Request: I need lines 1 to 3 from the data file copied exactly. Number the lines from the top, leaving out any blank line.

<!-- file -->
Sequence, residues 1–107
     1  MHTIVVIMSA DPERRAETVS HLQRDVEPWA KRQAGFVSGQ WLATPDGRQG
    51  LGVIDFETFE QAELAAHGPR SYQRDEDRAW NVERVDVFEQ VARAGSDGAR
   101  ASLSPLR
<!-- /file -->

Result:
Sequence, residues 1–107
     1  MHTIVVIMSA DPERRAETVS HLQRDVEPWA KRQAGFVSGQ WLATPDGRQG
    51  LGVIDFETFE QAELAAHGPR SYQRDEDRAW NVERVDVFEQ VARAGSDGAR